Larger tumors or those with a dominant deep tumor nodule should be internally enucleated to allow the tumor capsule to be collapsed into the resection cavity; this method avoids excessive brain retraction or manipulation. As the tumor is decompressed, the capsule is reflected away from the surrounding brain tissue. This maneuver enables me to predict the extent of tumor removal possible at the lower depth of the same dissection plane.
Figure 10: Once a superficial circumferential dissection is complete, the tumor is rolled away from the cortex to allow microdissection at the floor of the tumor bed. Long cottonoid patties are rolled into the depth of the resection cavity to create and preserve the tumor-brain interface (upper image). The tumor is circumferentially dissected free until it delivers itself from the cavity as the underlying brain re-expands (lower image).
Figure 11: Once the tumor is circumferentially dissected, it may removed en bloc. The tumor bed is inspected. Warm irrigation with judicious use of bipolar electrocautery is used to obtain hemostasis. Slow venous ooze from the brain can be controlled with gentle tamponade and thrombin soaked cottonoid patties. Larger tumors may have lobules; careful inspection ensures that no tumor hides within the folds of the resection bed. The dural edges are further inspected and, if needed, are resected 1-2 cm beyond the dural attachments of the tumor.
Papaverine-soaked Gelfoam pledgets are temporarily placed on arteries that may be in spasm.
Figure 12: The dural defect is repaired using the previously prepared pericranial autograft. Epidural tack-up sutures should be used to constrain the epidural space and decrease postoperative epidural collections. The bone flap is inspected for any hyperostosis that should be excised. Finally, the bone flap is replaced and any large bony defect is covered with a prefabricated custom flap or titanium mesh.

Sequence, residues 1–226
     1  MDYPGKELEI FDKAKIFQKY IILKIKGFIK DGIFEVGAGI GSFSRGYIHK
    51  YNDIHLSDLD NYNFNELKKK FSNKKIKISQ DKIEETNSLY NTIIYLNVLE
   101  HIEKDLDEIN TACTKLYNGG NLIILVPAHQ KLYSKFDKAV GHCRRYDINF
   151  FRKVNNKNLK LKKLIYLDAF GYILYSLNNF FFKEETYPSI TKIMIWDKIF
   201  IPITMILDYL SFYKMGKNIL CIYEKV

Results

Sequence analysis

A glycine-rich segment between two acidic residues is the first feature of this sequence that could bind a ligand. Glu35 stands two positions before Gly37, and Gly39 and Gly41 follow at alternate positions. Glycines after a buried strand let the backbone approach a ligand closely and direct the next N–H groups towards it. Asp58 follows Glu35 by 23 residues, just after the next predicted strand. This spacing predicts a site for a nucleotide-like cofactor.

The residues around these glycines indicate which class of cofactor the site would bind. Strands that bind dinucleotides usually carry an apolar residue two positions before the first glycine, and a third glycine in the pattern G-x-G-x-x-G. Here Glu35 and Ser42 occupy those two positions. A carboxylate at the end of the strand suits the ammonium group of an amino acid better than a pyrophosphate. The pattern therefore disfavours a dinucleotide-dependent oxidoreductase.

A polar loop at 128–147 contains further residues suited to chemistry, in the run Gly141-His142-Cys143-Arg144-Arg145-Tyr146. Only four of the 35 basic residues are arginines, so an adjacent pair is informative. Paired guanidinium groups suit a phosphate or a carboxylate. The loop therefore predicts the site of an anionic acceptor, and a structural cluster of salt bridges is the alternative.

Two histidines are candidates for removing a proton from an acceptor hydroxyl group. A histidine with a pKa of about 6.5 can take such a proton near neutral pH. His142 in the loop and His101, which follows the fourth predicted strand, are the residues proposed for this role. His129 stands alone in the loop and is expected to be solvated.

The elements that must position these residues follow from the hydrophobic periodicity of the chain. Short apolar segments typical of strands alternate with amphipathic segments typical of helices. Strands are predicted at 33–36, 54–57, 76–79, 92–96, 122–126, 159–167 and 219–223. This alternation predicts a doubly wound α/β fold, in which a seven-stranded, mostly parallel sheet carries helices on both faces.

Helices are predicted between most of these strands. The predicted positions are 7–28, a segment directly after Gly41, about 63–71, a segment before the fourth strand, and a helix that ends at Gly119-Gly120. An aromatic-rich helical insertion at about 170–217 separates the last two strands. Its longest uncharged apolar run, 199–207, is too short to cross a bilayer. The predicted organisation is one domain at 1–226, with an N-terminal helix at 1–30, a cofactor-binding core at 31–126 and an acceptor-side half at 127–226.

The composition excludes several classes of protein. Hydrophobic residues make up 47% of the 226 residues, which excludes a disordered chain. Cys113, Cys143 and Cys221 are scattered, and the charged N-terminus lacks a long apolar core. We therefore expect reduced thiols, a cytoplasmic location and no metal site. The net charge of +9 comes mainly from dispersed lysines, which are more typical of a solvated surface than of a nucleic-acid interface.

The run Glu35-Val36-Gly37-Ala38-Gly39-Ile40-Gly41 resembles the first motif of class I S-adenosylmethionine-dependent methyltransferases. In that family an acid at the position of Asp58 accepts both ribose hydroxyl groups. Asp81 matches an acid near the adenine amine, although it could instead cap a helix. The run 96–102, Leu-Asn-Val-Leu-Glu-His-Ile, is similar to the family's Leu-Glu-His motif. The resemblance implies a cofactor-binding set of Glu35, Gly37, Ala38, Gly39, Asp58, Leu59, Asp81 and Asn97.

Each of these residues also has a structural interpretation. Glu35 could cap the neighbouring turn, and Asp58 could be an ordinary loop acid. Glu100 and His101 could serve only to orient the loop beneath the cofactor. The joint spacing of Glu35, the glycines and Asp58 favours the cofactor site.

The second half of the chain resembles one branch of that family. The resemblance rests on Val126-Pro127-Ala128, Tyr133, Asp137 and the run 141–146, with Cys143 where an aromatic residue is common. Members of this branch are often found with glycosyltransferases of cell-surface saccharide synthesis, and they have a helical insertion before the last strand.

Frontal Convexity Meningioma: Techniques of Resection
Other Related Techniques
Mobilization and en bloc resection of large convexity meningiomas during their dissection can place the surrounding cortices under untoward forces, leading to neurovascular injury. A bulb syringe connected to a standard surgical suction device may be used to handle the bulk of the tumor mass using the vacuum-assisted en bloc resection technique.
Figure 13: The technique of vacuum retraction for this large convexity meningioma (left upper) is demonstrated. The bulk of the tumor mass can be reduced into the bulb syringe chamber, allowing more space for microsurgery around the tumor capsule and its resection (remaining images). Firm tumors that are not mobilizable into the chamber may not be suitable for this technique.
Figure 14: The technical principles of en bloc vacuum-assisted resection are described. The vacuum force is not used to "avulse" the tumor from the cortex but allow gentle mobilization of the tumor so that microsurgery around the tumor capsule can continue.
The patient is observed in the intensive care unit overnight for frequent neurologic evaluations and pain and blood pressure control. A postoperative CT scan is obtained. Steroids are weaned slowly postoperatively.
Tumors with a large amount of underlying cerebral edema may lead to malignant postoperative cerebral swelling; patients with such tumors should be maintained on steroids for a longer postoperative period. Prophylactic anticonvulsants are administered perioperatively, but stopped one week after surgery if the patient has not suffered from a seizure.
Patients with meningiomas have an increased risk of postoperative deep vein thrombosis. These patients should be treated with aggressive preventive measures including early mobilization.
Pearls and Pitfalls
- A preoperative CT scan evaluates the extent of bony involvement. Resection of the affected bone is an important goal of surgery. In addition, a wide craniotomy should allow generous removal of the affected dura.
- Cortical arteries and veins that are draped over the tumor capsule should be inspected and preserved if they are not terminal tumor vessels. Pial violation should be avoided and dissection should be maintained along the extrapial subarachnoid planes.
- Large lateral frontotemporal meningiomas may adhere to the middle cerebral artery (MCA) branches at their depth. These tumors should be carefully mobilized and MCA branches sharply dissected.